Home Salt Lake City Press Releases 2013 Steven William Carpenter, Suzette Gulyas Gal, and Andras Zoltan Gal Sentenced in U.S. District Court ...

Steven William Carpenter, Suzette Gulyas Gal, and Andras Zoltan Gal Sentenced in U.S. District Court

U.S. Attorney’s Office August 26, 2013
  • District of Montana (406) 657-6101

The United States Attorney’s Office announced that during a federal court session in Great Falls on August 26, 2013, before U.S. District Judge Sam E. Haddon, Steven William Carpenter, age 56; Suzette Gulyas Gal, age 55; and Andras Zoltan Gal, age 22, residents of California, were sentenced as follows.

Steven William Carpenter was sentenced to a term of:

  • Prison: 188 months
  • Special assessment: $300
  • Restitution: $675,406.62
  • Supervised release: three years

Andras Zoltan Gal was sentenced to a term of:

  • Prison: 72 months
  • Special assessment: $300
  • Restitution: $675,406.62
  • Supervised release: two years

Suzette Gulyas Gal was sentenced to a term of:

  • Prison: 120 months
  • Special assessment: $300
  • Restitution: $675,406.62
  • Supervised release: three years

Steven William Carpenter, Suzette Gulyas Gal, and Andras Zoltan Gal were found guilty of the following:

  • Count one: conspiracy to commit fraud
  • Count two: investment fraud and wire fraud
  • Count three: investment fraud and wire fraud

In addition, Suzette Gal was sentenced to six months prison, to run concurrently, after having been found guilty at a second trial of contempt of court.

At trial, the following evidence and testimony was presented to the jury:

The above-named defendants worked together to solicit funds from the elderly, the infirm, and the gullible by persuading these individuals to invest in fraudulent and fictitious oil and gas investment opportunities on the Fort Peck Indian Reservation.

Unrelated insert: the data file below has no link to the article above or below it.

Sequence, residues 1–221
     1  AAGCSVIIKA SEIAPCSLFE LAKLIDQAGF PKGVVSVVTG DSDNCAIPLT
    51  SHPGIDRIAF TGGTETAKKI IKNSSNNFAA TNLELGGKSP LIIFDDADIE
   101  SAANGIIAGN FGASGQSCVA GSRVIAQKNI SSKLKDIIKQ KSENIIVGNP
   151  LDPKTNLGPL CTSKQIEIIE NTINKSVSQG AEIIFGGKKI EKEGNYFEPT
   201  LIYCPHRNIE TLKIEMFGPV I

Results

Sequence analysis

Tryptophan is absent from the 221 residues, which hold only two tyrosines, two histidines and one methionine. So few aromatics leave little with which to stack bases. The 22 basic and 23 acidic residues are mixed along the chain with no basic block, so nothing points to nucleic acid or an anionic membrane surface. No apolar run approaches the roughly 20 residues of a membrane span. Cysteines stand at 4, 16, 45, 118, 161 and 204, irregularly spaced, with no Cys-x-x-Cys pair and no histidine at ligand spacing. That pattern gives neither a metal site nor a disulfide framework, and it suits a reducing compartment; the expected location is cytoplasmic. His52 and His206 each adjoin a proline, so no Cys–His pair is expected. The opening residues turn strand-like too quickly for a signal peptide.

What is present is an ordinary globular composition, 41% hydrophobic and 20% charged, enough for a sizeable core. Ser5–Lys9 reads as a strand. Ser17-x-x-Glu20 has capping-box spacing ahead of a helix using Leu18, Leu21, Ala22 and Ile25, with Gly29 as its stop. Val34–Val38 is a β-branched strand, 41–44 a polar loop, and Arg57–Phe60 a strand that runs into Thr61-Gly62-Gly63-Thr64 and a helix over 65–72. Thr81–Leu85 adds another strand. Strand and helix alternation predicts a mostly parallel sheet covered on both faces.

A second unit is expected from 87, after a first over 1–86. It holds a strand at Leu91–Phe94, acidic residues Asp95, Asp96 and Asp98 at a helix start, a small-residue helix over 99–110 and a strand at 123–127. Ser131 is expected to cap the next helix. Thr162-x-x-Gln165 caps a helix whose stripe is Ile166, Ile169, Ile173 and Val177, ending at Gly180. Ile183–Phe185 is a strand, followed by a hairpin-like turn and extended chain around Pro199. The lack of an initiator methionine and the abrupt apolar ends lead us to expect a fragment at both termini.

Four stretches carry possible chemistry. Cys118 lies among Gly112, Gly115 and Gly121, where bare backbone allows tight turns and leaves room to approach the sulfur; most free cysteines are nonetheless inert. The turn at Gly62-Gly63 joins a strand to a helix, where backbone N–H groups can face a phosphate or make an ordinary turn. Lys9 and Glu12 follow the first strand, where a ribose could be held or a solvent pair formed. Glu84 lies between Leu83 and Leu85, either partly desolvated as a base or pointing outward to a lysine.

While the defendants initially obtained legitimate oil and gas leases on the Fort Peck Indian Reservation, those rights were terminated on October 5, 2007, for failure to make the required lease payments. Moreover, the defendants never made any legitimate payment to establish or further an oil or gas venture on the Fort Peck Indian Reservation.

Despite all of the above, the defendants bilked investors into paying well in excess of half-a-million dollars in a non-existent venture. The case involved over 50 victims, most of whom struggled to make ends meet even before losing money to the fraud. All while the victims suffered, the defendants enjoyed a life of luxury, took extravagant vacations, and basked in the fruits of their fraud.

"Today’s sentencings of Steven Carpenter, Suzette Gal, and Andras Gal send an important message to professional telemarketers who prey on the country’s elderly, desperate, and gullible. The only way to stem the tide of these predators is to let them know that when they are caught the consequences will be significant. The United States Attorney’s Office will continue every effort and enlist every resource to identify and prosecute those who enrich themselves by defrauding others. This investigation, which involved hundreds of man hours of undercover operations, surveillance, forensic document examination, and witness interviews, was a near perfect cooperative effort between the Federal Bureau of Investigation and the Department of Interior’s Office of Inspector General. Rarely do we see such seamless and effective coordination of agency efforts. I want to commend the excellent work done by our trial lawyers, AUSAs Carl Rostad and Ryan Weldon, who tried the case on behalf of the United States and investigators who conducted an extraordinary investigation,” said U.S. Attorney Michael W. Cotter.

Because there is no parole in the federal system, the “truth in sentencing” guidelines mandate that they will likely serve all of the time imposed by the court. In the federal system, they do have the opportunity to earn a sentence reduction for “good behavior.” However, this reduction will not exceed 15 percent of the overall sentence.

The investigation was conducted by a team of agents and auditors working with the U.S. Attorney’s Guardians Project, including the Office of Inspector General for the Department of Interior and the Federal Bureau of Investigation.

This content has been reproduced from its original source.